A random journal about local politics, baseball and whatever comes to mind.
THe latest AP poll has the race a dead heat: Obama 44% McCain 43%; lending credence to my earlier post that this race is in no way going to be a blowout for either side. Again, it will be a long night.
Pope, Virginia's polls close at 7:00p.m. east coast time. If current polling is correct Obama is ahead in that state anywhere from 4 points to 10 points depending on the poll. If the major networks call Virginia in Barack's column by 8:00p.m. There is no way McCain has a chance.Also, current polling nationwide shows that Obama is leading by 10 or more points in states with a total value of 260 electoral votes. McCain is only leading in states by 10 or more points with an electoral college value of 134 votes. It is going to take a major external issue to come up between now and the election to change this. BUT, you may keep praying, as you have been all election season for a close election.
Anyone who believes that Obama is going to take Virginia by 10 points is smoking some good wacky tabacky. Also, there is absolutely no way that any of those swing states will be called within an hour after their respective polls close. At the very least, Virginia will be called at 10-10:30 p.m. And let's not even get started on the far western swing states. As I said, it will be a long night. P.S. Even if the race does turn out to be a landslide, the networks will not call it until 11 p.m. Point of reference: 1980: The networks called it for Reagan at around 8:45eastern--many in the western states where it was only 5:45 did not bother to vote--causing an uproar in the Dem party which had some close races that may have been won had the election not been called. As per Forrest's commentary, no one wants you to be correct more than I.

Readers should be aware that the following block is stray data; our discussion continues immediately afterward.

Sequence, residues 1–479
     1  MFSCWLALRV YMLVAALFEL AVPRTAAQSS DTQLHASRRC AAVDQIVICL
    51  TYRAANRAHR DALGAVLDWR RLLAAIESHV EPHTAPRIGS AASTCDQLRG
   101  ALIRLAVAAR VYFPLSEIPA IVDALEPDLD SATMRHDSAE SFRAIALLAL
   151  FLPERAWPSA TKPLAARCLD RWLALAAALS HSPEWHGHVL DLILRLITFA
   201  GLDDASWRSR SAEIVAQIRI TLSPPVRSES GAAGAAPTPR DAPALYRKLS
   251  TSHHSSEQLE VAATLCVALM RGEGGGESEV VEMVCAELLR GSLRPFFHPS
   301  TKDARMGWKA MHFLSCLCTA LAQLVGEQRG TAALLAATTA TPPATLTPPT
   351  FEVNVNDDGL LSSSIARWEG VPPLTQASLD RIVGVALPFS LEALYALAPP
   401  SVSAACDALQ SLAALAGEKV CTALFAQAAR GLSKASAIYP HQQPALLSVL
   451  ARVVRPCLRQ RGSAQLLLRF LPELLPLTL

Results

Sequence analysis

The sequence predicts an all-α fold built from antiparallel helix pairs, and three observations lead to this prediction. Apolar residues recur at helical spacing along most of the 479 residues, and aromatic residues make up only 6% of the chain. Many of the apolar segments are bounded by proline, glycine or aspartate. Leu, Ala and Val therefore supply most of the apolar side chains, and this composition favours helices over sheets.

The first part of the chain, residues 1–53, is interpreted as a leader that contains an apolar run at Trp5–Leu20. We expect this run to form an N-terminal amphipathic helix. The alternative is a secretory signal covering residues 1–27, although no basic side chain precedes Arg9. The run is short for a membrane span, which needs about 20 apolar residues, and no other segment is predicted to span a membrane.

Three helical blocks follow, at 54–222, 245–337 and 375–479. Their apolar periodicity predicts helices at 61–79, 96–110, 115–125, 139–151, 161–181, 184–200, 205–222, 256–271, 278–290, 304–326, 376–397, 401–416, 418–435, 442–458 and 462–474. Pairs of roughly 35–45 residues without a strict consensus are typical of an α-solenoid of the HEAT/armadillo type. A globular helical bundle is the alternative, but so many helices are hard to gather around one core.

Yeah, Obama is ahead by a huge margin. That's why his internal poll shows him ahead by a whopping 2% and he's resorting to typical liberal tactics: Vote for me so your social security isn't in jeopardy!!!
I'd also point out that I lived in Virginia in 1989, during Doug Wilder's gubernatorial race. The polls had all three statewide Democrats ahead by large margins, and the two white candidates won by margins very similar to what the polls predicted. Doug Wilder, who was leading by 9 to 10%, won the election by ½ of 1%.And in that race, the Republican candidate was so bad that even I voted for Mr Wilder!
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